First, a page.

Now Mark didn’t like mowing and so he decided to house a friend’s sheep on his land. The set-up was perfect, the sheep could corral in the barn at night, drink the well water, and during the day they could graze on one of the three fenced sections. The barn accepted her new function with pleasure, tinged with a sense of foreboding. Every morning Mark went there and escorted his charges to the section of land in which he wished them to graze. In the evening he corralled them back to the barn. Over the course of the summer the sheep did an excellent job of keeping down the weeds and giving the property an air of upkeep while Mark only had to mow the gardens in the immediate vicinity of their home. Everyone was happy, the red barn, the sheep, Mark and Katrina, and perhaps even the town still gently creeping toward them.

One October day Katrina wandered over to the red barn looking for a good angle to take a photograph. She noticed that, although most of the property looked well kept the area behind the barn was full of weeds and needed “attention”. She mentioned her concern to Mark and asked him to scythe and mow the area. Mark went to investigate and saw that a fallen tree had blocked the area off so that his sheep couldn’t gain access. The barn creaked a warning,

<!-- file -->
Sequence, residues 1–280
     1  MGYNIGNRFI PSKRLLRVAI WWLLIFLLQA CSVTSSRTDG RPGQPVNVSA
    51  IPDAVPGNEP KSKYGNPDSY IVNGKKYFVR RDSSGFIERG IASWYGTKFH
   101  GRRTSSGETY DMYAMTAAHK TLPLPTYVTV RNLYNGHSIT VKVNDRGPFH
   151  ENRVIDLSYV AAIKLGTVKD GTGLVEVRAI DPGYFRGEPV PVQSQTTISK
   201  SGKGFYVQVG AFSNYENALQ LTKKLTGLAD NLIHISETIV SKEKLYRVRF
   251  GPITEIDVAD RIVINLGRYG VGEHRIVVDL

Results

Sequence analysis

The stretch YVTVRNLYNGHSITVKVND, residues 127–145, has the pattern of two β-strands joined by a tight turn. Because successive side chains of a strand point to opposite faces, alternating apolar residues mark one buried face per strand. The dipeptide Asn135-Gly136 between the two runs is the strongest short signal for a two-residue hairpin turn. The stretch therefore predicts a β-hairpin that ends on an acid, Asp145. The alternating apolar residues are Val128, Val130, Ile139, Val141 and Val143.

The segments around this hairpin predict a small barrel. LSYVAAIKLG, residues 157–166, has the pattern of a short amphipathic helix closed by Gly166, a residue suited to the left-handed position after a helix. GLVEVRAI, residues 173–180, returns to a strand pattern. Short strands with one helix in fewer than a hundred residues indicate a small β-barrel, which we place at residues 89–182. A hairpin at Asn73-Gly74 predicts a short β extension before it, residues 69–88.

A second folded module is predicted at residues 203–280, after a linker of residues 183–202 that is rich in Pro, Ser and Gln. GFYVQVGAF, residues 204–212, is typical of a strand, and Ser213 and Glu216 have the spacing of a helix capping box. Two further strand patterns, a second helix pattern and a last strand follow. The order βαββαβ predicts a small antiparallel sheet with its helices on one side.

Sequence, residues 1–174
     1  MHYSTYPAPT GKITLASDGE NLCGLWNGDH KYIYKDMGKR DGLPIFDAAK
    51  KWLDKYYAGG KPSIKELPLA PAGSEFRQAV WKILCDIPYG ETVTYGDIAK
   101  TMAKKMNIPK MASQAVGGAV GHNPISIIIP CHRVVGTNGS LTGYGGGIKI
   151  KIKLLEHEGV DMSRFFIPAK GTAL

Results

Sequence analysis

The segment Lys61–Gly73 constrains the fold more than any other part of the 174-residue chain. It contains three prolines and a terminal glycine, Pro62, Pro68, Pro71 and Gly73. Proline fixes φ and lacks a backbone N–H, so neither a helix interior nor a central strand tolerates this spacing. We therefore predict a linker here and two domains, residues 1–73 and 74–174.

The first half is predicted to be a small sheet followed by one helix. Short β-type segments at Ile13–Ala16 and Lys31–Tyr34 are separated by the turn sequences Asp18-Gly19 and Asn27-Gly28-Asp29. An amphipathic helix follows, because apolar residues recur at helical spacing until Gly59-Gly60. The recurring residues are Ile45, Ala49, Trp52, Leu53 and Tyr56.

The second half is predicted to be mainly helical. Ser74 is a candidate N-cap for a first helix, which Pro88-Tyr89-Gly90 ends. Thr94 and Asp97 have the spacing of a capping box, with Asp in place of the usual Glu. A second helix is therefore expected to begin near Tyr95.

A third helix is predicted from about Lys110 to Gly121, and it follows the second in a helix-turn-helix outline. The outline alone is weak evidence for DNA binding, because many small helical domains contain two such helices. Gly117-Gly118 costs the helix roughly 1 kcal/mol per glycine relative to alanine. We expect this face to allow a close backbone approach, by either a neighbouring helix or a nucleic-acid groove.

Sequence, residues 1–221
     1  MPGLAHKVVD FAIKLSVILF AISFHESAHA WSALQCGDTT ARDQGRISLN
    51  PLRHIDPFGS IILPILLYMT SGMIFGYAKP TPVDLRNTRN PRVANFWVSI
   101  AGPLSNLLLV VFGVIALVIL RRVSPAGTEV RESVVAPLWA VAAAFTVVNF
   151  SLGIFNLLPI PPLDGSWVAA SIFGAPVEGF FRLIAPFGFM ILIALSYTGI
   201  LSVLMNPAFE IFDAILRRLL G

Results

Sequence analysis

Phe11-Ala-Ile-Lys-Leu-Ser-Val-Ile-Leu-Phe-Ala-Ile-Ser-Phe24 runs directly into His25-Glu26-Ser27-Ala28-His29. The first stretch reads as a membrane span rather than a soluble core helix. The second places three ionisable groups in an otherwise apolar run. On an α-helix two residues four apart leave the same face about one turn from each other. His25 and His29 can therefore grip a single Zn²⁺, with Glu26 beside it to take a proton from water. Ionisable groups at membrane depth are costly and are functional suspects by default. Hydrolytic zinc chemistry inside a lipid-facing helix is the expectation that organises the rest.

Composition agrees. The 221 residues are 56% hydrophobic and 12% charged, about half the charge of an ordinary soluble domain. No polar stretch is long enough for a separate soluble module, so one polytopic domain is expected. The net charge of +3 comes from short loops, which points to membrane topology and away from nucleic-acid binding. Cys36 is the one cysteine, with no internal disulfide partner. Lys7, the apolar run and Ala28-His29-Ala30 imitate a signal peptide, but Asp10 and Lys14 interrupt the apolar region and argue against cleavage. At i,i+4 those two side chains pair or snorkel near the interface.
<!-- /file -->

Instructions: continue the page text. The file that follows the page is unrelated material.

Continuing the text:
“Leave this area protected, it is danger and not merely from my north façade instability.”

Mark wasn’t in tune with barn language and so he removed some of the rotting wood and the following morning made sure that the sheep entered the area. By mid-day the sheep were frolicking like lambs. When Mark noticed he told Katrina. A passing famer also observed the strange antics and when he got to town he told his buddies in the coffee shop. Mark and Katrina sat on their front porch watching. Soon they were joined by a parade of people who had heard of the spectacle from friends through the coffee shop.